Students get an introduction to the San Francisco Bay watershed by studying a map of California. The concept of a watershed is solidified using the San Francisco Bay watershed as an example. Major geographical landmarks are identified on the map. Students then turn their hands into a portable map of the watershed. They discover how the water cycle determines the flows of water in different seasons, and therefore determines the utility of dams and reservoirs to even out the flow. In the process, students learn about the reasons the Bay is so important to California’s people, economy, and wildlife. This lesson may be extended into a history of the San Francisco Bay lesson.
Can feel a sense of place and connectedness to other parts of the state.
Can identify the major landmarks in the San Francisco Bay watershed.
Can see similarities between very large watersheds (on a statewide level) and very small ones (on a neighborhood level).
Submitted by irene on Mon, 2005-11-21 12:22.
Wetlands book: First page of a 6th grade student's book on wetlands, written and shared with the 4th grade class. Cardstock paper, water spray bottles, markers and sponges are turned into models of wetlands and watersheds in this simple activity. Students follow the path of the water (and urban runoff) to a bay and develop an initial understanding of what watersheds are. Then some students add sponges to the borders of their bay to simulate wetlands and compare watersheds with wetlands to those without. Students extrapolate the role of watersheds as reservoirs in times of drought, as sponges in times of flood, and as filters for pollution. Finally, students compare watersheds with wetlands to those without after a “toxic chemical spill” (Koolaid drink mix) to see the effects of pollution throughout the watershed as well as to discover the role of wetlands in reducing the harm of severe pollutants to a bay. This series of activities is an excellent prelude for a wetlands restoration field trip (see the Save the Bay field trip planning guide) so that after learning what wetlands are, they can explore and restore a wetland area firsthand. Another extension and application of these ideas might be an exploration of the students’ own watershed, the effects of urban runoff and watershed protection.
Submitted by irene on Sat, 2005-11-19 20:41.
In this lesson, students review the water cycle (a concept most have hopefully explored before in elementary school science) and write stories to describe the journey of a water molecule through the water cycle. They begin by labeling a drawing of the water cycle, noting the locations that water may be stored on the planet and the processes through which water travels from one location to another. They then envision several journeys as a class before writing a story to describe the journey of a water molecule through the water cycle. An optional mini-investigation to complement this lesson involves observing the transition of water through its 3 phases (ice, water, water vapor) after an ice cube is zipped into a resealable plastic bag and taped to a sunny window.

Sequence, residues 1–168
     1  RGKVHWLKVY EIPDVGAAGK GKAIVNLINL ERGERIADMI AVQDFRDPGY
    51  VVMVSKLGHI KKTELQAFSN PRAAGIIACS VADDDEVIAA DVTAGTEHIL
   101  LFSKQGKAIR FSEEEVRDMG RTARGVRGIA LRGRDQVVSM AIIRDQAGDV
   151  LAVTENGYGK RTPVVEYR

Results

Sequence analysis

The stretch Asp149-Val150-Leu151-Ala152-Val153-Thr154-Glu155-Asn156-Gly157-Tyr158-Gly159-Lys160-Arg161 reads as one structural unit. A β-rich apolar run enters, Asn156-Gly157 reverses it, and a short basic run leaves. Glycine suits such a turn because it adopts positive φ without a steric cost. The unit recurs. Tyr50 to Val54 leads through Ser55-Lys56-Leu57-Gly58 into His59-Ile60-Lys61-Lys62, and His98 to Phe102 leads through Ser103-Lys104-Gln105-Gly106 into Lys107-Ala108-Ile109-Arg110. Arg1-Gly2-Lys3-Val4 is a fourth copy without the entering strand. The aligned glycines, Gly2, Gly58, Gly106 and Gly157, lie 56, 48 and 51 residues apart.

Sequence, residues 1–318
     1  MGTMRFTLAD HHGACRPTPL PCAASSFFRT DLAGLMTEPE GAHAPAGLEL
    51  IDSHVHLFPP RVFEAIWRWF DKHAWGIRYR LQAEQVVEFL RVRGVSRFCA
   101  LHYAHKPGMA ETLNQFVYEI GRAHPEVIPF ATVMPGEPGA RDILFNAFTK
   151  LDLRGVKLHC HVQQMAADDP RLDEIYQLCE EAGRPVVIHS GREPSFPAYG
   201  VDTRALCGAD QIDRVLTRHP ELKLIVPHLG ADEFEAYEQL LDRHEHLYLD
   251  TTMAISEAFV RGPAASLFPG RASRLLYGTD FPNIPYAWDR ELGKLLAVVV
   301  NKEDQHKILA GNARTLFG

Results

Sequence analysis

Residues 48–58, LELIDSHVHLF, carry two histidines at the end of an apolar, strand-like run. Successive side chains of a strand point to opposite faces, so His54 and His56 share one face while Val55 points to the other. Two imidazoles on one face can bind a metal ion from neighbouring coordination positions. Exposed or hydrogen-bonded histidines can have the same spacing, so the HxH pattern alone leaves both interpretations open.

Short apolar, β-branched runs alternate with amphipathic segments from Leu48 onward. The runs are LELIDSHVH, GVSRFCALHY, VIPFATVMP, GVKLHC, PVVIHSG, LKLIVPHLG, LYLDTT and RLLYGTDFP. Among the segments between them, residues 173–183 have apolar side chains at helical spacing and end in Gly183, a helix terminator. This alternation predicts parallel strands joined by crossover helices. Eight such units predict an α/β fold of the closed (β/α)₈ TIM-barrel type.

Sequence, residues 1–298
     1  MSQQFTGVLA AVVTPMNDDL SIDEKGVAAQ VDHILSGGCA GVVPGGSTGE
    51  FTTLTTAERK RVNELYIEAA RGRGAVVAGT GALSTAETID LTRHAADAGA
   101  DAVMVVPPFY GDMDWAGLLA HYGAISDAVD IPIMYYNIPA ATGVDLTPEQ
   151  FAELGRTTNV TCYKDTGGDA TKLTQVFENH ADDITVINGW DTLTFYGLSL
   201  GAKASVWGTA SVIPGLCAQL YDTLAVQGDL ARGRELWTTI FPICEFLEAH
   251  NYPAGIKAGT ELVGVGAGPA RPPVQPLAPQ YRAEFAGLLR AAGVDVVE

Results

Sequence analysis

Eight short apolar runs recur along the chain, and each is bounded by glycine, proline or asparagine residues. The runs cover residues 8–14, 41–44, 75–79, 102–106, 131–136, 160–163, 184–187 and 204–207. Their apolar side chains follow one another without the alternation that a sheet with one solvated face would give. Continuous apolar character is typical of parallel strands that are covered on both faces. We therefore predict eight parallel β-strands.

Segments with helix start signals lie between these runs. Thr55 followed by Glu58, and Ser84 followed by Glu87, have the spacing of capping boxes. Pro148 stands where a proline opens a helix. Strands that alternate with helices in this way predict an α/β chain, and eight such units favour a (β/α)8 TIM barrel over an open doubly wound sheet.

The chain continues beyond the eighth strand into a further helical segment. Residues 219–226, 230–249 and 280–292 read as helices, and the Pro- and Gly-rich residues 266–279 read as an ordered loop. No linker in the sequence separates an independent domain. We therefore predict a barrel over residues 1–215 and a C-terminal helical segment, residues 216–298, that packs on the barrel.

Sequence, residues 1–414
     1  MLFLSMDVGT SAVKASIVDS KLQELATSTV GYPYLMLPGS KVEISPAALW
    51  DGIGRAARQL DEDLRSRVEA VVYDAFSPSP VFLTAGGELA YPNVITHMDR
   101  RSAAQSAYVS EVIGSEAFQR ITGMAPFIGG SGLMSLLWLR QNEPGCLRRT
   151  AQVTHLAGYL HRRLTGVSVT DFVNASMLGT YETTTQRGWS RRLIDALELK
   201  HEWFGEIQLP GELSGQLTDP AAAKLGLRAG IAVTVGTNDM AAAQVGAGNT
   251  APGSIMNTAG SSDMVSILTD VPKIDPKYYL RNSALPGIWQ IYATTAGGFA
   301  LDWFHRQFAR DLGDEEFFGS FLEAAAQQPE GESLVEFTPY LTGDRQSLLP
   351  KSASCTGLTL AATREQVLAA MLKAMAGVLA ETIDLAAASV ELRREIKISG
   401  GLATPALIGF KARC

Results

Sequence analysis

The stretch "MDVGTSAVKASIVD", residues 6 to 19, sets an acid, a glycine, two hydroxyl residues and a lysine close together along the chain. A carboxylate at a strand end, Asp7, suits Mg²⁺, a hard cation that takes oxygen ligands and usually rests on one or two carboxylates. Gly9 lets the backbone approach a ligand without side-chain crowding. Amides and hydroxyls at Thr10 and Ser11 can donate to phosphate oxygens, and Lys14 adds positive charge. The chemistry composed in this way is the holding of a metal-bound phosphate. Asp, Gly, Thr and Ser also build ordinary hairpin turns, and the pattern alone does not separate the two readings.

Submitted by irene on Sun, 2005-11-06 14:26.
Ecosystem Pyramid student work The study of ecology has many layers, ranging from the individual organism, to the population, to the ecosystem, to the planet. It is important for students to know the levels within this hierarchy and to recognize which level they are focusing on at any one time. For the purposes of this activity, students will learn about the different levels (organism, population, community, ecosystem, biome, and biosphere) by choosing an organism and the illustrating a pyramid about that organism. The result is a colorful display of organizational pyramids.
Submitted by irene on Sat, 2005-10-22 09:29.
In this 2-3 day activity, students choose an organism and research its life cycle, food chain, and habitat. The student research is assembled in 2 ways. First, the classroom is cleared of tables and chairs while students use their organisms to create a food web stretching the length and width of the classroom. Second, the pages are assembled to create a field guide for your local area or for a field trip into a state or national park nearby. I found this to be an extremely effective way to get students interested and excited about an upcoming field trip. I choose insects, birds, fish, mammals, amphibians, and reptiles commonly sighted at Point Reyes National Seashore for students to research a week before the scheduled field trip. On the field trip itself, students were very excited to spot their animals and the student who did the research would usually come forward to tell his or her classmates all about their organism.
Submitted by irene on Fri, 2005-08-26 15:50.
Students review the concepts of food chains and the roles of organisms in a food chain through a simple card sorting activity. Cards representing different individuals in a California ecosystem are first sorted by herbivore, carnivore, dentrivore, and omnivore, then are reordered to create several food chains. In addition, students begin to understand the idea of a food pyramid – since all living things use energy to move, reproduce, respond to the environment and grow, less energy is available to pass on at each link of the food chain.
Submitted by irene on Fri, 2005-08-26 15:28.
Students discover what ecosystems are by exploring the relationships between him/herself, other living things, and the student's environment. Students create and study miniature ecosystems by building a terraqua column - a 2 story soda bottle tower with soil and plants on the top and a water source on the bottom. The terraqua columns will be used throughout the ecology unit for practice with water and soil quality monitoring and with making and recording observations. Later in the unit students can conduct independent investigations with their terraqua columns.
Submitted by irene on Thu, 2005-07-14 13:51.